• Organisational Value Stream Level Vs. Detail Level Modelling
  • Separating Organisation Value Streams
  • Types Of Value Streams
  • Definition of Strategic Value Streams
  • Recognising Strategic Value Streams
  • Definition of Systems Value Streams
  • Definition of Business Value Streams
  • Definition of Regulatory Value Streams
  • Definition of Dependent Value Streams
  • Determining Value Streams Types
  • Business Value Stream Partitioning Vs. Human or Computer Partitioning
  • Data Cohesion Vs. Data Conservation of Business Value Streams
  • Understanding Value Stream Primers
  • Benefits of Business Value Stream Methodology

The Need for Process Analysis

  • The Task of the Information Analyst
  • Overview of Data Flow Diagrams
  • Sample Business Value Stream Process Model
  • Encapsulating Business Value Stream Memory
  • Sample Process Analysis Business Value Stream Memory Input
  • The Synergy of Process and Information Analysis

Business Value Stream Driven Information Analysis

  • Modeling Analysis Data Store Redundancy
  • Forming the Organisation’s Information Model
  • Adding business Value Stream Memory to the Information Model
  • Important Levels of the Information Model
  • Data Element Conservation across the Organisation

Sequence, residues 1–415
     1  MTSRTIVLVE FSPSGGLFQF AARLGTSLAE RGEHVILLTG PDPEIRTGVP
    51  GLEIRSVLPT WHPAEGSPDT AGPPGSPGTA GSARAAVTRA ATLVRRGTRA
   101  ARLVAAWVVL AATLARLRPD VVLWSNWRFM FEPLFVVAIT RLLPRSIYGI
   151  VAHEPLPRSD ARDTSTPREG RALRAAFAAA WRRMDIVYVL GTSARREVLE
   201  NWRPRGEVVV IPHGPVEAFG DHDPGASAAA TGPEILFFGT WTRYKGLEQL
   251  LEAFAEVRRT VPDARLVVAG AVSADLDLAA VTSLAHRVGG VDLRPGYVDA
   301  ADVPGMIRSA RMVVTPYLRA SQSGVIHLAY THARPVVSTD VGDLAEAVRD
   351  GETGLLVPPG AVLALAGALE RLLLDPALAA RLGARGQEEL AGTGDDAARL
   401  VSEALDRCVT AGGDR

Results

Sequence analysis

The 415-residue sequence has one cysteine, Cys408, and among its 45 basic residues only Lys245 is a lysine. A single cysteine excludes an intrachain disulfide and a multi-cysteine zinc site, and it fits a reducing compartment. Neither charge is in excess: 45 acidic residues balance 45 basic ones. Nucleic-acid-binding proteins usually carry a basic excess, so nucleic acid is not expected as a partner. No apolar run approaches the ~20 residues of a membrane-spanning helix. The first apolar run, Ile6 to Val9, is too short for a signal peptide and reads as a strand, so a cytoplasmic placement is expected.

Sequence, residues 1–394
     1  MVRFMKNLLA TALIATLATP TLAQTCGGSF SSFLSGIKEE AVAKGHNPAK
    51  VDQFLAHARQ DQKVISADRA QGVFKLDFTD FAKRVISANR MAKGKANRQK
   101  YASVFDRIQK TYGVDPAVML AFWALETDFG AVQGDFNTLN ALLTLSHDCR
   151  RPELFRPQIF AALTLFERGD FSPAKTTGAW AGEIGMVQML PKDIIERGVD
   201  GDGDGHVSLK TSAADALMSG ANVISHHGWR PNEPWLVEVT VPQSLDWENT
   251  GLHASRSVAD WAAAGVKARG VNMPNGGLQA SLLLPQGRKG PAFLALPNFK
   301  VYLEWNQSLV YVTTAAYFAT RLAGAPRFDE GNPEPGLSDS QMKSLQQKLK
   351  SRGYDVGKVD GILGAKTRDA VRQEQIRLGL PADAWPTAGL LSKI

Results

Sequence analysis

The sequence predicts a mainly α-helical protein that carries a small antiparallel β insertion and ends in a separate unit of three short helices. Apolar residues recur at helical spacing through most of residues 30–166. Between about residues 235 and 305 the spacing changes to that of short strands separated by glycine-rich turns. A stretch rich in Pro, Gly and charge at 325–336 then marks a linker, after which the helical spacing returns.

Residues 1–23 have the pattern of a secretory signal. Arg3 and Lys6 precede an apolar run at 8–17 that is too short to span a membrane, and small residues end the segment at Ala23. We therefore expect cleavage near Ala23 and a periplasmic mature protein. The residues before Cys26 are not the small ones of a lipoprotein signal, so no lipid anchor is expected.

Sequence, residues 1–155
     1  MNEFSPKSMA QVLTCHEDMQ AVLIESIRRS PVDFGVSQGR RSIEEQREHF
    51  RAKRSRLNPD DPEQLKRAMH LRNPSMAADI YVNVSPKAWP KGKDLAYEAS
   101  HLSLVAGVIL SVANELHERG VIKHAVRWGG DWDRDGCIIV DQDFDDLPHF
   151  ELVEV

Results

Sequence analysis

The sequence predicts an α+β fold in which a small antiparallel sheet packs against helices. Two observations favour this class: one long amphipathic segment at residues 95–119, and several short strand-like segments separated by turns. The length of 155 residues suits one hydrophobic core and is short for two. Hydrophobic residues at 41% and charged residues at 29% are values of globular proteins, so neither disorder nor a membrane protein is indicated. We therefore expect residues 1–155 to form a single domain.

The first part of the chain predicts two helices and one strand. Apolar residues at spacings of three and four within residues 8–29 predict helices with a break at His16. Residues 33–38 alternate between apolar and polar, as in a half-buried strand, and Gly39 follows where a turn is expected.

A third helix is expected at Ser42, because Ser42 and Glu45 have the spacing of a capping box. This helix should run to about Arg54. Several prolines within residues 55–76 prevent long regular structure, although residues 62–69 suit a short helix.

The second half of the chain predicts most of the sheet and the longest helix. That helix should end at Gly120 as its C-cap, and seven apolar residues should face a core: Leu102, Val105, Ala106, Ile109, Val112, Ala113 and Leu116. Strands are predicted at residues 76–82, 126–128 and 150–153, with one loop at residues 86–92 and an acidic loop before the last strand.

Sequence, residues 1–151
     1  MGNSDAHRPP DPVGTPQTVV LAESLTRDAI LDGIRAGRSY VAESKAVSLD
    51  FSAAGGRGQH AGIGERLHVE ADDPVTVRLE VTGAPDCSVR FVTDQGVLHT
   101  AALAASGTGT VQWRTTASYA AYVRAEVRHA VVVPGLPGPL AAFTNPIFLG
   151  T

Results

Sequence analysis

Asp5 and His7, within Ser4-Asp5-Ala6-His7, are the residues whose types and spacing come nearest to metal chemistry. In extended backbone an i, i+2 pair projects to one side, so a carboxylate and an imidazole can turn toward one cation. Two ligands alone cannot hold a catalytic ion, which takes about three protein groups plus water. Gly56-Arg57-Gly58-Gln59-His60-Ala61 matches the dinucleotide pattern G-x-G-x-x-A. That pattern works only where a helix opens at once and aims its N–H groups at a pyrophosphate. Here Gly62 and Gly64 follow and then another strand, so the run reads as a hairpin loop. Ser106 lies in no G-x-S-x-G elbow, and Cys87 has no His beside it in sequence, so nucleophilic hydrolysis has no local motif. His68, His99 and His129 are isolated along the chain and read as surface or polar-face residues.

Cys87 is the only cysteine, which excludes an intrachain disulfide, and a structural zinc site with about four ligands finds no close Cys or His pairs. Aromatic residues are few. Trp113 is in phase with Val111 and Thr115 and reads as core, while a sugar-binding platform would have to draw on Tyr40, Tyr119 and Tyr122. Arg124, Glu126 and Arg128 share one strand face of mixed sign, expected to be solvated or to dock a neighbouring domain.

• Data Entity Conservation across the Organisation
  • Relationship Conservation across the Organisation
  • Object Conservation across the Organisation
  • Sample Business Value Stream Models
  • Re-usability Via the Business Engineering Methodology
  • Progressing from Design to Analysis Information Models

Exercise 5

Exercise 6

Forward into Design

  • Sample Beginnings of Design
  • The Analysis Specification IS the Business
  • The Essential Corporate Library
  • Engineering the Organisation
  • Cost & Benefits of Creating a Customer Focused Organisation
  • Costs and Benefits of Business Process Analysis

BABOK KNOWLEDGE AREA

  • Enterprise Analysis
    • Define Solution Scope
  • Business Analysis Planning & Monitoring
    • Task: Plan BA Activities
  • Elicitation
    • Task: Document Elicitation Activity
    • Task: Confirm Elicitation Results
  • Requirements Management & Communication
    • Task: Maintain Requirements for Re-use
    • Task: Prepare Requirements Package
  • Requirements Analysis
    • Task Prioritize Requirements
    • Task: Organise Requirements
    • Task: Specify and Model Requirements
    • Task: Verify Requirements
  • Techniques
    • Scope Modelling
    • Process/Flow Models
    • Data Dictionary & Glossary
    • Data Modelling
    • Document Analysis